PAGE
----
The lung is subject to many potential Insults that can acutely infect or damage airways, parenchyma, or blood vessels. In most organs, such acute insults heal with a return to normal structure and function. However, in the lung there are situations where the healing is impaired, such that the lung returns to its normal condition either very slowly or not at all. The primary emphasis of this PPG will center on the mechanisms underlying this nonresolving inflammation that leads to a chronic pathophysiological progression. Why there is inadequate or incomplete wound healing in the lung is not well understood, but the preliminary data from all three projects in this program strongly supports a common role for lymphocytes and macrophages in implementing these chronic changes in function and mechanical properties. More specifically, the program will focus on the role of CD8+ T cells and macrophages in chronic emphysema following acute parenchymal injury (Project 1), a role for CD4+ T cells and macrophage activation in the progression of chronic pulmonary fibrosis (Project 2), and a role of CD4+ T cells and macrophages in blood vessel growtband stability following acute ischemic injury (Project 3). Although each of these pathologies has a very different pathophysiological manifestation, there are many similarities in the underlying immunologic mechanisms. Thus, in this Program, each project's specific aims are designed to investigate overlapping mechanistic pathways with each of the other projects. Common experimental approaches in all projects span the range from measurements of pulmonary function in intact animals, to quantitative morphology, to cellular and subcellular signaling pathways, and all projects will make considerable use the common core resources. This tightly integrated, synergistic program will thereby provide new insights into the mechanisms that underlie the pathogenic progression of chronic lung diseases.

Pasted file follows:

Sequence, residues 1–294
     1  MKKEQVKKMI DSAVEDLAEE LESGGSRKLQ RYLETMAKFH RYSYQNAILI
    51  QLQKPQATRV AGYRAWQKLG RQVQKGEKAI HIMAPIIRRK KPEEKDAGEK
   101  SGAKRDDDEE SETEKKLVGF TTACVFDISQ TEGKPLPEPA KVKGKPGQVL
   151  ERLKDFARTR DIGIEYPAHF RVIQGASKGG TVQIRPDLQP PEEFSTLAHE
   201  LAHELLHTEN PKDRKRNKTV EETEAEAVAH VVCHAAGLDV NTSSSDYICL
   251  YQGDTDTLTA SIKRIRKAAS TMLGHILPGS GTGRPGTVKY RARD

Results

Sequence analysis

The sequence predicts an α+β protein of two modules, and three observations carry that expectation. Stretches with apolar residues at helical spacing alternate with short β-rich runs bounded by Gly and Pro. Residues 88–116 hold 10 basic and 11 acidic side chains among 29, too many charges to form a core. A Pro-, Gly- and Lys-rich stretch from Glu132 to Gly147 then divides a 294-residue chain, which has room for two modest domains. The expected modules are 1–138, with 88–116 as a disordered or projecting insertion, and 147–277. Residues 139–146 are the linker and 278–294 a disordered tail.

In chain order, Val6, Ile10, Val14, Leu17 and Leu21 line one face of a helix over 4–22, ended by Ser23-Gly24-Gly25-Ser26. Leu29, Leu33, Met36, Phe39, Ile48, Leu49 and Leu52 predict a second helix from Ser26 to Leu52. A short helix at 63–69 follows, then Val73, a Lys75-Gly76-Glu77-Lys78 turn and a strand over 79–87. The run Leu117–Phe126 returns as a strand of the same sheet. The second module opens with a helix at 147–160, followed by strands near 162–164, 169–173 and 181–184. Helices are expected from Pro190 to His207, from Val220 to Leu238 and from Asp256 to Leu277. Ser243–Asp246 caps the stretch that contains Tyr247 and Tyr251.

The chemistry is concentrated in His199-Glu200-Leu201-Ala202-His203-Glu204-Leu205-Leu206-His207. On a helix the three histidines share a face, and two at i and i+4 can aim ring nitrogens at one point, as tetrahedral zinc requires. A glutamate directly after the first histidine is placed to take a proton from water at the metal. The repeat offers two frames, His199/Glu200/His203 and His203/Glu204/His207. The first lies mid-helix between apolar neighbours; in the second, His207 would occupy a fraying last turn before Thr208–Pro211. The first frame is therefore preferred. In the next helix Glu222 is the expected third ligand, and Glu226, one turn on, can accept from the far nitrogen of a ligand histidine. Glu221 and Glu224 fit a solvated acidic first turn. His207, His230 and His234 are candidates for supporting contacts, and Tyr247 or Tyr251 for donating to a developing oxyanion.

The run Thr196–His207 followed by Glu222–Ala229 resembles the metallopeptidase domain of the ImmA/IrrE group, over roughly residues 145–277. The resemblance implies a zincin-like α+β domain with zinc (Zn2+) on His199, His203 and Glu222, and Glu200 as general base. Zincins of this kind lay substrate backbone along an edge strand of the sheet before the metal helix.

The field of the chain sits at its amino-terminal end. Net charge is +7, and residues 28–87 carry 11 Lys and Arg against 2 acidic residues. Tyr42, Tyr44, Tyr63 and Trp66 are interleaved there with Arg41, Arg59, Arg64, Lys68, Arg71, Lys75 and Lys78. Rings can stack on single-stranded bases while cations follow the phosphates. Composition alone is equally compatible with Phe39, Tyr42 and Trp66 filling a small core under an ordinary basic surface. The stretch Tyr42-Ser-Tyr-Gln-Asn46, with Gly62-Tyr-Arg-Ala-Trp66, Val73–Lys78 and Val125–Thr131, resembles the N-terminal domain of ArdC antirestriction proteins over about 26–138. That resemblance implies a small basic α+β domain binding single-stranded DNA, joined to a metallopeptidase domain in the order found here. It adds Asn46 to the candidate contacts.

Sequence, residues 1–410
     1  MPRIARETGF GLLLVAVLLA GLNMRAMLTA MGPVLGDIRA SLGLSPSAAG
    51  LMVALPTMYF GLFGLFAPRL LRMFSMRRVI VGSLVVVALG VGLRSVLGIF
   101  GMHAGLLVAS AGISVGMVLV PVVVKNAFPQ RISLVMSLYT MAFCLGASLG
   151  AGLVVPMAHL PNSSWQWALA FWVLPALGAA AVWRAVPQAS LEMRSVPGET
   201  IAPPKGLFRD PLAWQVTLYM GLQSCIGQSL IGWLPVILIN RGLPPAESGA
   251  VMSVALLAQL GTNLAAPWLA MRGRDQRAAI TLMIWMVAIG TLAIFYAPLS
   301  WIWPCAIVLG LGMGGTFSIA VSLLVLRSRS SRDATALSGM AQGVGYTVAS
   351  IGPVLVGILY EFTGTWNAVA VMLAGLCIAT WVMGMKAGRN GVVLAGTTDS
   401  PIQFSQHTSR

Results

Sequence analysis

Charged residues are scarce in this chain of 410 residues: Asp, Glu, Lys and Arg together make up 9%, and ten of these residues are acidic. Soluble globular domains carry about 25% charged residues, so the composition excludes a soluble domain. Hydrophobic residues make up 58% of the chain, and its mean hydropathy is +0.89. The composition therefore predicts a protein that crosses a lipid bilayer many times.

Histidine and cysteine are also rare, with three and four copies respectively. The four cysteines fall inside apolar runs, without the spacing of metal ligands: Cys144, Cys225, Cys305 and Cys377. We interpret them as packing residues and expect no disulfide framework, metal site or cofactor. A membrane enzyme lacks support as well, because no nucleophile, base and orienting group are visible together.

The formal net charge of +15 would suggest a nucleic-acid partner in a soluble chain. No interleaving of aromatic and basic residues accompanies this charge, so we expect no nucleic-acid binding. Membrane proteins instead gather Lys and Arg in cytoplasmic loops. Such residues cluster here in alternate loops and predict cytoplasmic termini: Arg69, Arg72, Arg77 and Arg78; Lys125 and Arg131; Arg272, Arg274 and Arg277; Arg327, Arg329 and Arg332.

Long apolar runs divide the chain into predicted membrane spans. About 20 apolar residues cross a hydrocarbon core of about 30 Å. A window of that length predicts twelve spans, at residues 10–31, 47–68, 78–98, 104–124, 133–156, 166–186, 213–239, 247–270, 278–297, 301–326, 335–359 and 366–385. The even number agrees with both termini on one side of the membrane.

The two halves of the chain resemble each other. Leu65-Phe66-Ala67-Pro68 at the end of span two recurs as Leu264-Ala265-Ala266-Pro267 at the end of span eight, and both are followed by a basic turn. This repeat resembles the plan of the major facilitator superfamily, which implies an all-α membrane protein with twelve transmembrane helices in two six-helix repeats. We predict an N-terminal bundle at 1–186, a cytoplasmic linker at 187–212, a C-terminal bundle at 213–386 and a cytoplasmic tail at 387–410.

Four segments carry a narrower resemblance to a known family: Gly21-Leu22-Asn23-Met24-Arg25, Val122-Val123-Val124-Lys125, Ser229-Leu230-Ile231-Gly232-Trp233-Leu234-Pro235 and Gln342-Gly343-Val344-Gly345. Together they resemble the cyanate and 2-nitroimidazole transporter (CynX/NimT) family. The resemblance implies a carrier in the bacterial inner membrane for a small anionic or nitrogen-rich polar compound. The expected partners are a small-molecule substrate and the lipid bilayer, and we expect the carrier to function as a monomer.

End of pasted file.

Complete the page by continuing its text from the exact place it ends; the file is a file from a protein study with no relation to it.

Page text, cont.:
(See.instruct'ons): The work in this research grant aims to shed light on novel mechanisms underlying common pathways in chronic lung diseases. Proposed experiments could have significant impact on our understanding of disease processes, that could ultimately lead to new therapies for several progressively destructive lung diseases.
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